Monday, 10 March 2008
When the sun sets the world becomes an entirely different place: exciting, romantic, dangerous, and mysterious. How do different people experience the hours between dusk and dawn? What does the darkness mean and how does it structure our lives? This documentary essay by Lawrence Johnston (director of Life and Eternity) attempts to tease out these ideas, combining interviews, spectacular cinematography and a lush symphonic musical score by composer Cezary Skubiszewski. Think Koyaanisqatsi or Baraka with a nocturnal theme. But where those films seemed coldly anthropological, this one feels warm and personal; pleasantly humane, and very home-grown.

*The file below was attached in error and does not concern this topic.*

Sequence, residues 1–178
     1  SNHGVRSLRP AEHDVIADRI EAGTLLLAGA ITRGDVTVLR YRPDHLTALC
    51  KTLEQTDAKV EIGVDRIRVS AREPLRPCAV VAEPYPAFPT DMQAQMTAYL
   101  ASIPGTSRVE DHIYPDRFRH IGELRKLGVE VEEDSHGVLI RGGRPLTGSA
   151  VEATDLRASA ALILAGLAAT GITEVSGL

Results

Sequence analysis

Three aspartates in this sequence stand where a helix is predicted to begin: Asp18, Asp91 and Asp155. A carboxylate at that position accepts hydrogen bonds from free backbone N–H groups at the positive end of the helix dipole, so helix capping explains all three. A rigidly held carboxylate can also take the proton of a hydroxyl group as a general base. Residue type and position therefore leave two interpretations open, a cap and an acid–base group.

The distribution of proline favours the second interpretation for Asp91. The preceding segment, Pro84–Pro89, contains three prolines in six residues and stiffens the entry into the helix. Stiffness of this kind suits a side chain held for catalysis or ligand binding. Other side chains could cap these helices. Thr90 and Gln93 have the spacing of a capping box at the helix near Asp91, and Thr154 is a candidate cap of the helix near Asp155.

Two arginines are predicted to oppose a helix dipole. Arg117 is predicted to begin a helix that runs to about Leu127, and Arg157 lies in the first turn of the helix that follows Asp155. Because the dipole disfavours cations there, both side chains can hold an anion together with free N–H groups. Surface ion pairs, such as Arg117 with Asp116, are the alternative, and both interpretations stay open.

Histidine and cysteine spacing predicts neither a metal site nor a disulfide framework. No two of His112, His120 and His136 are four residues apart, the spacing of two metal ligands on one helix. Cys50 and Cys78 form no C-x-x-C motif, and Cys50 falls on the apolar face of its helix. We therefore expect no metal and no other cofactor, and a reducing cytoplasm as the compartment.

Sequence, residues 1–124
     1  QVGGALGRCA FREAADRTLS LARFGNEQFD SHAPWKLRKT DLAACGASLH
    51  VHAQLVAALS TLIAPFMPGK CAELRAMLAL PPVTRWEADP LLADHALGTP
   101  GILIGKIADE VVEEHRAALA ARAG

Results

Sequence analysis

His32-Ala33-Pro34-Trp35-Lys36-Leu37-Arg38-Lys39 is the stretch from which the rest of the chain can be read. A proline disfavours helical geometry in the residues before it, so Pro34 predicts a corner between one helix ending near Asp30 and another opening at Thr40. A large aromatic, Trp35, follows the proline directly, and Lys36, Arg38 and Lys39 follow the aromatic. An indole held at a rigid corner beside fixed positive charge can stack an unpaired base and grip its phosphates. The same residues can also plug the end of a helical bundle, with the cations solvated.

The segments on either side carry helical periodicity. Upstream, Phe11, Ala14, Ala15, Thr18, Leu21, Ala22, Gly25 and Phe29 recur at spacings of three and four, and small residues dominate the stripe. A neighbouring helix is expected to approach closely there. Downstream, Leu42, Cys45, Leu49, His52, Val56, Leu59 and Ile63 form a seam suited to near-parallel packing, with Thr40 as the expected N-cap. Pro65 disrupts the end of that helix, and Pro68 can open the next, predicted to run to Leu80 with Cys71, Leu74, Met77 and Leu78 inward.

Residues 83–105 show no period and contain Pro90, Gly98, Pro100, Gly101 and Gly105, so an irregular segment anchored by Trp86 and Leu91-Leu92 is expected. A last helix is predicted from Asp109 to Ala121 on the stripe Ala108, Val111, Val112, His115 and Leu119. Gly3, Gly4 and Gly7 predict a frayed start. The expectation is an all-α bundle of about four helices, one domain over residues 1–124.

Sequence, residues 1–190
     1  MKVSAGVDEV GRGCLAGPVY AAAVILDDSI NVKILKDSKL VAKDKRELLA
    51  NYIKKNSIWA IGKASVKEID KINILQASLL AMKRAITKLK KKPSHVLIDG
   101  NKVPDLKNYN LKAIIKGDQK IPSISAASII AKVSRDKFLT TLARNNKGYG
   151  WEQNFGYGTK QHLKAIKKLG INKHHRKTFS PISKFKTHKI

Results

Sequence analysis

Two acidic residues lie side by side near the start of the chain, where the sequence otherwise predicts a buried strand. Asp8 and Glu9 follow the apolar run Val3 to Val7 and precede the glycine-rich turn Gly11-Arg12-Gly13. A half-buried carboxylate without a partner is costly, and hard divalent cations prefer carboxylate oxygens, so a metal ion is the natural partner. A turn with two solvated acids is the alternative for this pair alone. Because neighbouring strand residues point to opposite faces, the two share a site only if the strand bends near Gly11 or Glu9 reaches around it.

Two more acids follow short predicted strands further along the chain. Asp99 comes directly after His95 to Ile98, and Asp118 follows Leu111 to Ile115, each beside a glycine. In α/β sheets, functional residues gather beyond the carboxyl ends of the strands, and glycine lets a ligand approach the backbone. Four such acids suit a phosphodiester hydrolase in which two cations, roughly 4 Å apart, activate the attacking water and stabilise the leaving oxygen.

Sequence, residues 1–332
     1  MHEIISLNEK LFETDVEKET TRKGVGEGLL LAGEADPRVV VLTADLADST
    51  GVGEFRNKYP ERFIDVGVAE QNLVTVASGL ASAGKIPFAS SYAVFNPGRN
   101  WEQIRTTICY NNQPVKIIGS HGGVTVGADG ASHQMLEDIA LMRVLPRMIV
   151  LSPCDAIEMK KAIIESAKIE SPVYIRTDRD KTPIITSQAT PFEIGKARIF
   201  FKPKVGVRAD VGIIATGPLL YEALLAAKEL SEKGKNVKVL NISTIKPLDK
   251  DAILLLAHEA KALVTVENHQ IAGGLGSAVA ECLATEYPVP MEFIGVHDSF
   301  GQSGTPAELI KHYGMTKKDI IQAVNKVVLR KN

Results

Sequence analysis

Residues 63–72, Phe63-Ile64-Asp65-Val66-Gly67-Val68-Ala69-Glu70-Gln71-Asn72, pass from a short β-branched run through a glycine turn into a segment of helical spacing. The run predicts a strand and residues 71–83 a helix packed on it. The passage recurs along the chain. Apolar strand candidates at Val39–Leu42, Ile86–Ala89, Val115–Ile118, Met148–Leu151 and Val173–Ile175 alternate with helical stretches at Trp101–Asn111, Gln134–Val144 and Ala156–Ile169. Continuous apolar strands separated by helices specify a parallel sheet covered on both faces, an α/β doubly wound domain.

Sometimes it’s a bit too ordinary. The musings and ramblings of unidentified interviewees on the voice-track seem banal, while interviews to-camera (you may recognize Bill Henson, Christos Tsolkias and Adam Elliot) work at odds with the ethereal visuals from director of photography Laurie McInnes. What lingers in the memory are the superb stop-motion sequences of stars, moons, fireworks and urban lightscapes – mainly of Sydney. Ultimately the film reinforces the fact that for all our fascination with the night, like cave-men of old, huddling round the campfire, we humans are really creatures of the light.
(This review first appeared in The Big Issue, #297)